I live with a GTF and she laughed hysterically when she read, “The grad student assistants will get about $10,000 each.” for one class.

    • anon says:

      Biology grad students in IMB and ION get (I think) $24,000 in stipend for being a GTF in their first year for 1 class per term. That’s $8,000 a class… add some extra for health insurance and you’d be close to $10,000 a class. Is it very different in Psychology?

    • Oryx says:

      Agreed with anon. above: in all the natural sciences I’m aware of, it’s common to get about $8k + benefits for being a GTF for one class. (That is, $24k/year salary, 3 terms, 1 class per term.)

      • The funding structure in the hard sciences is much more advantageous for GTFs than in the humanities.

        It is not uncommon for a first-year GTF in the humanities to make less than $10K per academic year in take-home wages.

        Around 45% of our bargaining unit makes below the minimum wage.

        70% of our bargaining unit fall between $400 & $600 short of UO’s own (posted on the Graduate School website) cost of living estimate *every single month*.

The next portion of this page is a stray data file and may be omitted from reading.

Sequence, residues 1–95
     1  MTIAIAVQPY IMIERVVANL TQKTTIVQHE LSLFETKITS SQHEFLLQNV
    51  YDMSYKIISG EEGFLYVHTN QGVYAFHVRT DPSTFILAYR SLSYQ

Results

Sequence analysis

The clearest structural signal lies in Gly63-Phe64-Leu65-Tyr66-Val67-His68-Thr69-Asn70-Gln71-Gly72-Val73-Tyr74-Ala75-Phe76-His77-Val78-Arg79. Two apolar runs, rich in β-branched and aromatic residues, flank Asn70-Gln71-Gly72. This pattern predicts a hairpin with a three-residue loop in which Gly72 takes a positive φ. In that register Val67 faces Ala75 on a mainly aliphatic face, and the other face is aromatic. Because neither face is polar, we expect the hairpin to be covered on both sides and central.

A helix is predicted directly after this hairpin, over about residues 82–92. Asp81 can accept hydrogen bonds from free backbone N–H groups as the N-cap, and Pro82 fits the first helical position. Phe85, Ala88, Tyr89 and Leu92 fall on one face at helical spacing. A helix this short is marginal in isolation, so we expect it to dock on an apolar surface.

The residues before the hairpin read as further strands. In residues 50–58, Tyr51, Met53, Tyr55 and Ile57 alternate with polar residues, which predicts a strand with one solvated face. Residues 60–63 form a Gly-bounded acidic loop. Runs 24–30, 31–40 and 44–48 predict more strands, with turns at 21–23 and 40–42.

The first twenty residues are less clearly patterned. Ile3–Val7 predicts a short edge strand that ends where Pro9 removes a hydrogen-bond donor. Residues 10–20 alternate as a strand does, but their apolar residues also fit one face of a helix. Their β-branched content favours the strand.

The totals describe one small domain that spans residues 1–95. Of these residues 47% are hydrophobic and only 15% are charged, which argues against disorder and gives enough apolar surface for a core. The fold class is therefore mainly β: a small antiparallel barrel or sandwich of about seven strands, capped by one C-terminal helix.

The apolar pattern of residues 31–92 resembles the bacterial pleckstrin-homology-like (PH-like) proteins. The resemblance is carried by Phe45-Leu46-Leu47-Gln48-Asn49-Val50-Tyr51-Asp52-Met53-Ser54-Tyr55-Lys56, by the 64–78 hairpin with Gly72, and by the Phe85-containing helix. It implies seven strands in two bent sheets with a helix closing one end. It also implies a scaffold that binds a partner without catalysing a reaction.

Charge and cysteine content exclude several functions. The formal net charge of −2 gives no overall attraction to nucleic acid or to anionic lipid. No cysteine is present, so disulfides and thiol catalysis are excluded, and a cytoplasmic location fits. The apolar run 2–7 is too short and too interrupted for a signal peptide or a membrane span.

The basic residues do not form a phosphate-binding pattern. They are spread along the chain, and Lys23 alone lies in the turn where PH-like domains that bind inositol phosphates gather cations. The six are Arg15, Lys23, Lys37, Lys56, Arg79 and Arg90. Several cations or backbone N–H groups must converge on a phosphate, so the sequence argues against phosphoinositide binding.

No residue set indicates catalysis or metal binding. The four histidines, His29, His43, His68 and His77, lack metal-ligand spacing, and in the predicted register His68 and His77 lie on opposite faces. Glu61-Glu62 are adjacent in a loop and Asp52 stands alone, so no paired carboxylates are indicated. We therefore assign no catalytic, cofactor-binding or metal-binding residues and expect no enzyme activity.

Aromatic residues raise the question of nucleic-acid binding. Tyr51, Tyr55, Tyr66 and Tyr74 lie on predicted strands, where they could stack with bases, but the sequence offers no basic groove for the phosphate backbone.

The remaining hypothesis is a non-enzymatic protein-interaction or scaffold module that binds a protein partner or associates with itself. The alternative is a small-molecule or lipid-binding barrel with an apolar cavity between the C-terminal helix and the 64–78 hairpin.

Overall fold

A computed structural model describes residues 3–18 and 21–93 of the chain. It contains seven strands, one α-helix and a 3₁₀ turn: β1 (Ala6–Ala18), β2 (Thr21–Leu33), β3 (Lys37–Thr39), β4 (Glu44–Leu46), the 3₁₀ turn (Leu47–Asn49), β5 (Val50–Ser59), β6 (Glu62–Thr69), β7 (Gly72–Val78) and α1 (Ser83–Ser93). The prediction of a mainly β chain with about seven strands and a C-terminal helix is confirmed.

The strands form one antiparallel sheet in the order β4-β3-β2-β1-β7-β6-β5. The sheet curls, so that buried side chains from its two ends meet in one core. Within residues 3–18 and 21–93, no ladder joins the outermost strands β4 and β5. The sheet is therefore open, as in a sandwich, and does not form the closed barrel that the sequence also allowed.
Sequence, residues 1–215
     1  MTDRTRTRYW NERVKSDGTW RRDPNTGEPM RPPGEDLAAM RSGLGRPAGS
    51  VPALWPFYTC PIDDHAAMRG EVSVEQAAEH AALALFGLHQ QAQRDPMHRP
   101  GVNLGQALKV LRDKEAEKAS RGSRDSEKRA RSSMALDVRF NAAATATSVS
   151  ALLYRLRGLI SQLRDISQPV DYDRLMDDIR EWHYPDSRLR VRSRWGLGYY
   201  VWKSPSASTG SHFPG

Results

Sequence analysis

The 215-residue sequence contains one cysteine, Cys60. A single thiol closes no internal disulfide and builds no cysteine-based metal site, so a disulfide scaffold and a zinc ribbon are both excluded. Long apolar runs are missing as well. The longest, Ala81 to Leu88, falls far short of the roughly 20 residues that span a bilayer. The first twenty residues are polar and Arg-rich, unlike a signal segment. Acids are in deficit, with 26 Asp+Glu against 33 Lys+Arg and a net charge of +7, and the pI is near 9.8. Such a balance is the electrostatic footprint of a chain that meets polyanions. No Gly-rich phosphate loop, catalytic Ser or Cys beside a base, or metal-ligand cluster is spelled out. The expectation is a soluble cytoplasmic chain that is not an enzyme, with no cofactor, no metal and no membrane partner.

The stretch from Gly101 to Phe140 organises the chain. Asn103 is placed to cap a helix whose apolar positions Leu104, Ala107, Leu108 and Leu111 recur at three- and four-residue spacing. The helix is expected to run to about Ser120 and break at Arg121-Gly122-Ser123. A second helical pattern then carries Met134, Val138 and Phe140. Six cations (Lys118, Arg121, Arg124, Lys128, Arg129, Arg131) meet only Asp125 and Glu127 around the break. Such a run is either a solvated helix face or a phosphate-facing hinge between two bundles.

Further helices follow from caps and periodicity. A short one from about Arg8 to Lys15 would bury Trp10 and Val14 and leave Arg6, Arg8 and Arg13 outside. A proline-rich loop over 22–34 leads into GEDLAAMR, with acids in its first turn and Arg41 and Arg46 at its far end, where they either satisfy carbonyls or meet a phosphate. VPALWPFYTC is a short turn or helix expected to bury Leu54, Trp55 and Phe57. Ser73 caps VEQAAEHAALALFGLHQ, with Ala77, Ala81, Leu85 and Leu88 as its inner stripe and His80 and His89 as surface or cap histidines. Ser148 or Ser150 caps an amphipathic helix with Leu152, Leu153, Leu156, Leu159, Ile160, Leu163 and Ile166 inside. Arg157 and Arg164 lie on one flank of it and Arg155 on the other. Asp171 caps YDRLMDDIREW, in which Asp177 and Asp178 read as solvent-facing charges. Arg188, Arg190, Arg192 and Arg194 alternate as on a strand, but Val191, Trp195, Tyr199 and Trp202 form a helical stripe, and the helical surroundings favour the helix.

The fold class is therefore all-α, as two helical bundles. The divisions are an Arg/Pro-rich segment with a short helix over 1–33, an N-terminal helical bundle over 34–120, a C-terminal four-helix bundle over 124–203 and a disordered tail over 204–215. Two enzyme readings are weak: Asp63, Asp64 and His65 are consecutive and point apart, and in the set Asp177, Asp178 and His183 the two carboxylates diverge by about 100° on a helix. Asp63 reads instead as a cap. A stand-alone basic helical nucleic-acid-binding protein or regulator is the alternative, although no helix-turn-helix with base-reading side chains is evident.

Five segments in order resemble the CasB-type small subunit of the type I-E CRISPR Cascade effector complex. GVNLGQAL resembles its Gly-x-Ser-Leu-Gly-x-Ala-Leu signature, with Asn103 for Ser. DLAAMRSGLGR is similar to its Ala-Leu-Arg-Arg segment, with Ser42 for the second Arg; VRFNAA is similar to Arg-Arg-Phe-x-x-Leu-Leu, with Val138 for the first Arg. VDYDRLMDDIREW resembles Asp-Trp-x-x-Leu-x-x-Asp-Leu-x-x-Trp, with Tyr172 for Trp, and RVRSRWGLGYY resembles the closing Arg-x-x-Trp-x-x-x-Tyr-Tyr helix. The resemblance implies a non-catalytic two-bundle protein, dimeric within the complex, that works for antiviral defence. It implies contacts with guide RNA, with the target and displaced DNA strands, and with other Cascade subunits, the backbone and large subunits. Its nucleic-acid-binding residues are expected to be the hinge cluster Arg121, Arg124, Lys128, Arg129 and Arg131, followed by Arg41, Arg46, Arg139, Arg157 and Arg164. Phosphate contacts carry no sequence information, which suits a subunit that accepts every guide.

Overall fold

Then we sit across the bargaining table and have a lawyer, who is being paid upwards of $250/hr to defend the same crew that pay a baseball coach 80% of his unit’s revenue, tell us “the GTF should not expect their stipend should cover their living expenses.”

        We’re not asking for the moon. Hell, we’re not even asking for a lot. We’re just asking to have enough.

        The money they are spending on this one man alone–the baseball coach–could fund the minimum wage floor we’re asking for in our contract. And we’re being treated at the bargaining table as if this is an extravagant demand.

        • anon says: